This term for a floozie or loose woman, especially one of low intelligence, is from the Italian bambino, or baby. It makes its English appearance in 1918, in Rosano’s Price of Honor in a bit of Italian-accented dialogue:

She flop! An’ il bimbo he break da boni.

The original meaning was a stupid, inconsequential, or contemptible person. By 1920 the floozie sense had developed. From Zeidman’s Burlesque (1920):

This Dix bimbo is a dangerous woman...a sassy girl with...more than a figure—a physique.1

1Historical Dictionary of American Slang, v. 1, A-G, edited by Jonathan Lighter (New York: Random House, 1994), 159.


There are a couple of slang usages of beeswax, which are not related to one another.

The term, commonly used in the phrases mind your own beeswax or none of your beeswax, is an Americanism dating to 1934. It is simply an intentional malapropism for business.1

A more recent coinage is the use of beeswax as rhyming slang for income tax. It is also a play on the older rhyming slang bees and honey, meaning money. This British usage dates to the 1980s.2

1Historical Dictionary of American Slang, v. 1, A-G, edited by Jonathan Lighter (New York: Random House, 1994), 127-28.

2New Partridge Dictionary of Slang and Unconventional English, v. I & II, edited by Tom Dalzell and Terry Victor (Abingdon, UK: Routledge, 2006), 126.


This term has been around since 1610. It originally meant a well-fed servant. The more famous use in reference to the Yeoman of the Guard of the English royal household and later to the Warders of the Tower of London dates to 1671. Beefeater is quite literal in origin, being a reference to the diets of well-off and spoiled servants. It contrasts with loaf-eater, a reference to a servant who eats the bread provided by his master, a term that dates back to Old English, hláfǽta.

It is often incorrectly postulated the term comes from a supposed French word, buffetier. This alleged root, which would mean one who eats from a buffet, does not exist. Sometimes the word beaufet is presented as a transitional form, but this is simply a 17th century alternative spelling of buffet and appears later than beefeater.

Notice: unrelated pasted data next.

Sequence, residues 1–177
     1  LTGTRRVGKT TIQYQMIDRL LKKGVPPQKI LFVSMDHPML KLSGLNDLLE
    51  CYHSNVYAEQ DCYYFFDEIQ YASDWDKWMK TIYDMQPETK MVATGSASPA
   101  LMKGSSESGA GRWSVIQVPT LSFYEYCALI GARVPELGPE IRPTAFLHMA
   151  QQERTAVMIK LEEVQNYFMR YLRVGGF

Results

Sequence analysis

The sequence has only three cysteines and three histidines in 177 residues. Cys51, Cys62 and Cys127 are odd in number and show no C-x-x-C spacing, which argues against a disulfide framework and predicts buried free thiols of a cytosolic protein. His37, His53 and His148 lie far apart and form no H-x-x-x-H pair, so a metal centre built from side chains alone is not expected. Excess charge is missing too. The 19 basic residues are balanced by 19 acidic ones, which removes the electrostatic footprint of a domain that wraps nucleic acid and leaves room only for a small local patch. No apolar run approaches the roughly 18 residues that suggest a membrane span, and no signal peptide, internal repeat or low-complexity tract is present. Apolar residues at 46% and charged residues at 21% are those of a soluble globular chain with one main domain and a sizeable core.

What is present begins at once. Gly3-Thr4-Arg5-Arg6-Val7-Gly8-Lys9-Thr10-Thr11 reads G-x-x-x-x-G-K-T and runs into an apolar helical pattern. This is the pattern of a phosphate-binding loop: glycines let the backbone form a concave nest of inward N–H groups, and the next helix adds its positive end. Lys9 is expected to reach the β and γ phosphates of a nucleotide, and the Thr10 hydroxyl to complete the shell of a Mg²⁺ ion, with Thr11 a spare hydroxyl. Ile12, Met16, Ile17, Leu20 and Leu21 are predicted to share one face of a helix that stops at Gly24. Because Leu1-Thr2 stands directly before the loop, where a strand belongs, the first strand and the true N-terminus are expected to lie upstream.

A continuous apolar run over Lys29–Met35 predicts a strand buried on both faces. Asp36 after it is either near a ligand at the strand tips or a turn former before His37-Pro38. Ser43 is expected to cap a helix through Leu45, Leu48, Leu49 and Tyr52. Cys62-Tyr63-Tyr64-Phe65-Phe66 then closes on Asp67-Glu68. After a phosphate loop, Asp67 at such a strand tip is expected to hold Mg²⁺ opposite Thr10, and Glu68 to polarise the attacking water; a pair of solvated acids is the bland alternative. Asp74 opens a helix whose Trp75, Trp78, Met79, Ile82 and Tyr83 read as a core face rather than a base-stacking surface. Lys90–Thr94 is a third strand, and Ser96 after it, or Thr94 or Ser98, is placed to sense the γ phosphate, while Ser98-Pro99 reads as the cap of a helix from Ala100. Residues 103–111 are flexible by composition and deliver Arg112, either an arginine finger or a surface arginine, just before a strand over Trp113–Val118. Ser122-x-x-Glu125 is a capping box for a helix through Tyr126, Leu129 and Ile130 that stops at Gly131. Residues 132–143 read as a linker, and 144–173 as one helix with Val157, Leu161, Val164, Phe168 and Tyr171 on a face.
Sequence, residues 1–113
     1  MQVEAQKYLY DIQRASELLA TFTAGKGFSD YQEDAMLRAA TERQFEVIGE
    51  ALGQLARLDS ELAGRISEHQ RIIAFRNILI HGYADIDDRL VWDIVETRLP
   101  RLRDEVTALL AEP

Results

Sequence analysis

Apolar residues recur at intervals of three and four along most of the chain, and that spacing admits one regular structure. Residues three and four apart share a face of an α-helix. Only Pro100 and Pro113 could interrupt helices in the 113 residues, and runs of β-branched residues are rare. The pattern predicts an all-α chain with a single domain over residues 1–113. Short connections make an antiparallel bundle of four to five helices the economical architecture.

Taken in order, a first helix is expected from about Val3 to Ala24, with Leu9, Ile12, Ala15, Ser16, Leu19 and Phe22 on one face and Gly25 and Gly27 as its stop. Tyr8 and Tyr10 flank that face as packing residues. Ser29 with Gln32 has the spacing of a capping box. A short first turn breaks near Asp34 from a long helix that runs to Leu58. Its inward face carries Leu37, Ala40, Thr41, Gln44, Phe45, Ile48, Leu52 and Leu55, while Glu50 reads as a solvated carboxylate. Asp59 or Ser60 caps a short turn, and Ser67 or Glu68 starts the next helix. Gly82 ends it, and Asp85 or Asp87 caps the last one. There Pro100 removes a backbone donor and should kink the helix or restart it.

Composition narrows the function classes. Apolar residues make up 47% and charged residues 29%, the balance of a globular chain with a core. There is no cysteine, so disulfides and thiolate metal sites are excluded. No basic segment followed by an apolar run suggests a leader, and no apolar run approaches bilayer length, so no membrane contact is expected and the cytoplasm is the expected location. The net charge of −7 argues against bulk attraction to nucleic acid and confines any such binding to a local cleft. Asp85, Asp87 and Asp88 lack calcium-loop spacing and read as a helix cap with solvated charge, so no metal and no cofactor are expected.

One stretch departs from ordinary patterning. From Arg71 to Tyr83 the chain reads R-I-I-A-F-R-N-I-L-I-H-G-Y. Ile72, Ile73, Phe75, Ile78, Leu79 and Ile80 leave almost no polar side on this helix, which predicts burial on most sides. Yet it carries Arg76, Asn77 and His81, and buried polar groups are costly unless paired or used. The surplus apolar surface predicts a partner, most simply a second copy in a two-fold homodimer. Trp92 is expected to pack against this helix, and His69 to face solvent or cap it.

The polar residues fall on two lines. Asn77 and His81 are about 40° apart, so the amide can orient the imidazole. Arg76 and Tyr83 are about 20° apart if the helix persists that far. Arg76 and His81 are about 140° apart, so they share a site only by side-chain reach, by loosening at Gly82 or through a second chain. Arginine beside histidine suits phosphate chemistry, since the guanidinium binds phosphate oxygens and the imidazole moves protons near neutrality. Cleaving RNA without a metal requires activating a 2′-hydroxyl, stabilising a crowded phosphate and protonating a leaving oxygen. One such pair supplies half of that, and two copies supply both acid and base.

(Source: Oxford English Dictionary, 2nd Edition)


Bedlam is a Middle English form of Bethlehem, referring to the Judean city traditionally reckoned as the birthplace of Jesus Christ.

The sense meaning madness, uproar, or confusion comes from the Hospital of Saint Mary of Bethlehem in London. The hospital was founded as a priory in 1247 and is first mentioned as a hospital in 1330. By 1402 it was known for housing lunatics.

In 1547 the hospital was formally incorporated as a royal foundation for the care of the insane. The modern sense of a madhouse or place of confusion and uproar comes from association with this hospital and dates to the early 16th century.

(Source: Oxford English Dictionary, 2nd Edition)

bull & bear markets

These two stock market terms appear in the early 18th century. Bear was the first to appear, referring to the practice of selling stock one does not yet own for delivery at a future date. The expectation would be that the price would fall in the meantime, enabling the speculator to buy the stock at a lower price. Such speculators were called bear-skin jobbers after the proverb to sell the bear’s skin before one has caught the bear. Gradually, the term took on the meaning of being generally pessimistic about stock prices. From Sir Richard Steele’s Tatler of 1709: